Amy Roberts: In Park City, even wildlife struggles to find housing
It won’t be long now — a matter of weeks really — before the seasonal workers and families on vacation and second home owners once again permeate our town.
And while most locals welcome this confederacy of powder seekers or have at least made some form of peace with them — acknowledging the economic impact of each hotel stay, night out, equipment rental and lift ticket purchased — there is, of course, a consequence to all that benefit. Be it the extra traffic or lack of parking, the longer lines at the grocery store or the improbability of getting a reservation pretty much anywhere all winter long, during the “on season” Park City can feel kind of “off” for a lot of locals. The bustle of a new crowd each week can make our town seem uncaring and impersonal. At times, it can be easy to feel detached and convince ourselves this isn’t the same town we once knew and question our place here.
But last week, with the help of a few busy beavers, I was reminded that we are still a small town, filled with people who care and act, and with leaders who are willing to respond to the concerns we voice.
I live in Prospector and use the Rail Trail almost daily, often times two or three times a day. There’s been some type of water project going on for a few weeks — large equipment and thick pipes line the path for over a mile. I hadn’t given it much thought until a neighbor shared information that due to beaver dams in the nearby ponds, traps had been set. She’d been informed the beavers would be “euthanized.” Which is a softer version of reality.
Euthanization is relieving an animal’s suffering, be it your 15-year-old dog or a deer hit by a car. It is an act of mercy. What was planned for these juvenile beavers was extermination. They weren’t sick or injured; they weren’t posing a threat. They were just living their best beaver lives in a place their ancestors have lived for decades, which suddenly became inconvenient to humans.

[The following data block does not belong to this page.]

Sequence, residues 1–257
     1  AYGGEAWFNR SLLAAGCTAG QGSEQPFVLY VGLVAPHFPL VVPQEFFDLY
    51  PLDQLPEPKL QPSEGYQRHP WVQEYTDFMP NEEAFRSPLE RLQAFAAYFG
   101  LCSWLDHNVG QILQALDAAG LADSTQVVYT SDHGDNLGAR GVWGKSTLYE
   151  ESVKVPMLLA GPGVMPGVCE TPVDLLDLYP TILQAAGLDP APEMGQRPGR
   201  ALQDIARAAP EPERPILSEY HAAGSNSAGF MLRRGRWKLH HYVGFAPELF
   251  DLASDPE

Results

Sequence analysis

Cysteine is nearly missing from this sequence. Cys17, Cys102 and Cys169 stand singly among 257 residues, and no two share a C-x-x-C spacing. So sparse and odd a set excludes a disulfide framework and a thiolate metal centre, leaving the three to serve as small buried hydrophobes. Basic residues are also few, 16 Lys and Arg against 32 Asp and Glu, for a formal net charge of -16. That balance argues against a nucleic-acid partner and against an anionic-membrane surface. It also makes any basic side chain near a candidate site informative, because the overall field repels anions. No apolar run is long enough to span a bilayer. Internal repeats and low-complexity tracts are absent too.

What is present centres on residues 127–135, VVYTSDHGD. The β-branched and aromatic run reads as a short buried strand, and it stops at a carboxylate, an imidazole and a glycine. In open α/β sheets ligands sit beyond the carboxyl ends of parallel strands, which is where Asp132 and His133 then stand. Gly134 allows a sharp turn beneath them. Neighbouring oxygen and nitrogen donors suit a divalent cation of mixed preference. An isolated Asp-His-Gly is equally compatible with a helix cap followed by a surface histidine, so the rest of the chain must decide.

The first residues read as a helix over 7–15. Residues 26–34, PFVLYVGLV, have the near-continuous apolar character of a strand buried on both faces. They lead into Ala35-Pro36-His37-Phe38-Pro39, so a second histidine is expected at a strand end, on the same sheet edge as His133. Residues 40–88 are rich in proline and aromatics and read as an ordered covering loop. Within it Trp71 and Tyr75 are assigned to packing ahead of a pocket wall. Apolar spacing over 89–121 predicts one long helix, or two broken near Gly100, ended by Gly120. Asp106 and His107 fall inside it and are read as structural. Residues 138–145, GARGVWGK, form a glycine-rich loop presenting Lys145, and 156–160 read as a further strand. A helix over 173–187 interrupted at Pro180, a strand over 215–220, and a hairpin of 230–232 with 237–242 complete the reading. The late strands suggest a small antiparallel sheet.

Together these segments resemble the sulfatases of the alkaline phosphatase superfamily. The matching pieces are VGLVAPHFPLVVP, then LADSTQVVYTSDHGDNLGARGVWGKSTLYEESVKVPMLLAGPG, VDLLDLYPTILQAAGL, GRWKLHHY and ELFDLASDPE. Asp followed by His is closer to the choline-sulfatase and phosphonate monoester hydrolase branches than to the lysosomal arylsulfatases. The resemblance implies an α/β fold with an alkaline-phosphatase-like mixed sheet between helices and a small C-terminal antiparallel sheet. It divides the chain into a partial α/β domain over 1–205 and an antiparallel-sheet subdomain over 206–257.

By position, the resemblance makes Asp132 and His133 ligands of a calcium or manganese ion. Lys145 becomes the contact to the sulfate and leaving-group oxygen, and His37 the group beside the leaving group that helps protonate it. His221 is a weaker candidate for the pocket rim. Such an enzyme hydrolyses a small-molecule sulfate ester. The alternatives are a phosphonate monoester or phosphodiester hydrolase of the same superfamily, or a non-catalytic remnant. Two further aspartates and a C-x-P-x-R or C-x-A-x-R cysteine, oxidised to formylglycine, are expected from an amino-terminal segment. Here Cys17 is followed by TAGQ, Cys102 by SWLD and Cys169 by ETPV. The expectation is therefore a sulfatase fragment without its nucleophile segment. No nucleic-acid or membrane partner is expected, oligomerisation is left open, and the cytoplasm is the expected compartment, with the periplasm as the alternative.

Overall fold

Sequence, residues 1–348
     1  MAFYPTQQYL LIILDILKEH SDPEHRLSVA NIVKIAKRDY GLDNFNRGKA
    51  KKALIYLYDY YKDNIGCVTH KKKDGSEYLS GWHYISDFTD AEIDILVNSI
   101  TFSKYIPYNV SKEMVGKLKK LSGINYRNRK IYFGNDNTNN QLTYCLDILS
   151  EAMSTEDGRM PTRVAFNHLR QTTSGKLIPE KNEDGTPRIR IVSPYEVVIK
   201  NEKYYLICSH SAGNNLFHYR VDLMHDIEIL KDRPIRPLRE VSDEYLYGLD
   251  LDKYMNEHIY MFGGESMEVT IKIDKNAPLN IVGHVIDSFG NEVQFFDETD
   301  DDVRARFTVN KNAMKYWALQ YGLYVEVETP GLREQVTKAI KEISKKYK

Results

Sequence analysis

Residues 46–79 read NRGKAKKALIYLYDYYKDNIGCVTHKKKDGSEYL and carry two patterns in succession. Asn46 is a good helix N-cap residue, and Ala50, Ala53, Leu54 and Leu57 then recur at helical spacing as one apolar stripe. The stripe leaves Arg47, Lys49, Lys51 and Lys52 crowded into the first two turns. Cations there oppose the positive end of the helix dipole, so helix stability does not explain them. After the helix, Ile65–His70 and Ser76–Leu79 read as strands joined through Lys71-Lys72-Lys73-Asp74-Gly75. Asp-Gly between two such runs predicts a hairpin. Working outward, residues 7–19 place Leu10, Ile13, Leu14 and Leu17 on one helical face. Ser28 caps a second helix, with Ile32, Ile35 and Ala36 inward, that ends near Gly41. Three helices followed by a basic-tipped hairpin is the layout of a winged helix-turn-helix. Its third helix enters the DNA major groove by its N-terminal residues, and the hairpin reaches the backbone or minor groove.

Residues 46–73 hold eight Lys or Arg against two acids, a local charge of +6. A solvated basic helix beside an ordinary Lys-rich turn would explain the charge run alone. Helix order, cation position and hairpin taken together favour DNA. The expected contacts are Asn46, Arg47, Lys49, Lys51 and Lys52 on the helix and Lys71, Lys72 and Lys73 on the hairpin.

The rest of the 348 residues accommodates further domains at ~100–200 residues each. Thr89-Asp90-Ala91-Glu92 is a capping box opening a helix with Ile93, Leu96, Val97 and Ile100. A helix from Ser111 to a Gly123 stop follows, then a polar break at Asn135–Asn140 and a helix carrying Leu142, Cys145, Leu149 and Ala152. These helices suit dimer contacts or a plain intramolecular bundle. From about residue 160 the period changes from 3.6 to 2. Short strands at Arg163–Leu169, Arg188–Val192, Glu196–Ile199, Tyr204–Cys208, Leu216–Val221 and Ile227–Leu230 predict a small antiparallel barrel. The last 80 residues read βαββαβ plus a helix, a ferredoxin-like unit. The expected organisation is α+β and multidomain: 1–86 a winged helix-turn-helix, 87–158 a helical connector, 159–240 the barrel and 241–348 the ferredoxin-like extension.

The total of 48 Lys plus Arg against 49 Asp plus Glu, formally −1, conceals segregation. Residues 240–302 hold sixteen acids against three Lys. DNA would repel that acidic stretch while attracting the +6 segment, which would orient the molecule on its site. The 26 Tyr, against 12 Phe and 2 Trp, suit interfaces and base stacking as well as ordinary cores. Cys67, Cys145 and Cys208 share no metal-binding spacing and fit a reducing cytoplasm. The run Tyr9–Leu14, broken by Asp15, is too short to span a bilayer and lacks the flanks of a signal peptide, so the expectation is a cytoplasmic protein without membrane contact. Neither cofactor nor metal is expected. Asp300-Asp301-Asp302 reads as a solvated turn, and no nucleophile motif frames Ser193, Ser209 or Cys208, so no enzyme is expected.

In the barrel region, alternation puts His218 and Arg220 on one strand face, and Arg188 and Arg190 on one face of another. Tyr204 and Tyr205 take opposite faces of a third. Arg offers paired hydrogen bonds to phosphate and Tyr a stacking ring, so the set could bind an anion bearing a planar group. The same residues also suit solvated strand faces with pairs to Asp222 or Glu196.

When the plan to trap and kill the beavers was confirmed, it only took a post or two on social media for much of the neighborhood to learn about the animals’ fates and voice concern.
In the way unique to small towns (and anymore, just kind of unique), those who were opposed to the trap and kill plan learned the facts and contacted city leaders to respectfully request the city reconsider. Together, they acted quickly to find an alternative solution and within 24 hours, multiple state agencies and the Utah Humane Society were involved and a plan to relocate the animals was underway.
While there is a greater discussion to be had about the need to live harmoniously with nature, for now I think it’s a win that a few eager beavers in our community worked together to find an acceptable and ethical alternative.
The snow is coming, and so are the tourists and all the cash they’ll sprinkle upon us. But living next to people who see something that doesn’t sit well with them, who are willing to lead an effort in hopes of a better outcome, and having city leaders who respond those concerns, who return phone calls and emails, and who are willing to correct course when they learn about a policy likely buried in Section V. 108.2 on page 517 of the city’s handbook — those are the real benefits of living in this town. It’s a reminder that no matter how big Park City is about to get, locals are still the large fish in the beaver pond.
Amy Roberts is a freelance writer, longtime Park City resident and the proud owner of two rescued Dalmatians, Stanley and Willis. Follow her on Twitter @amycroberts.
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There are several major development proposals looming in Park City. Tom Clyde says the time is now to “place your bet on which one turns the first shovel of dirt, and which one goes back on the shelf.”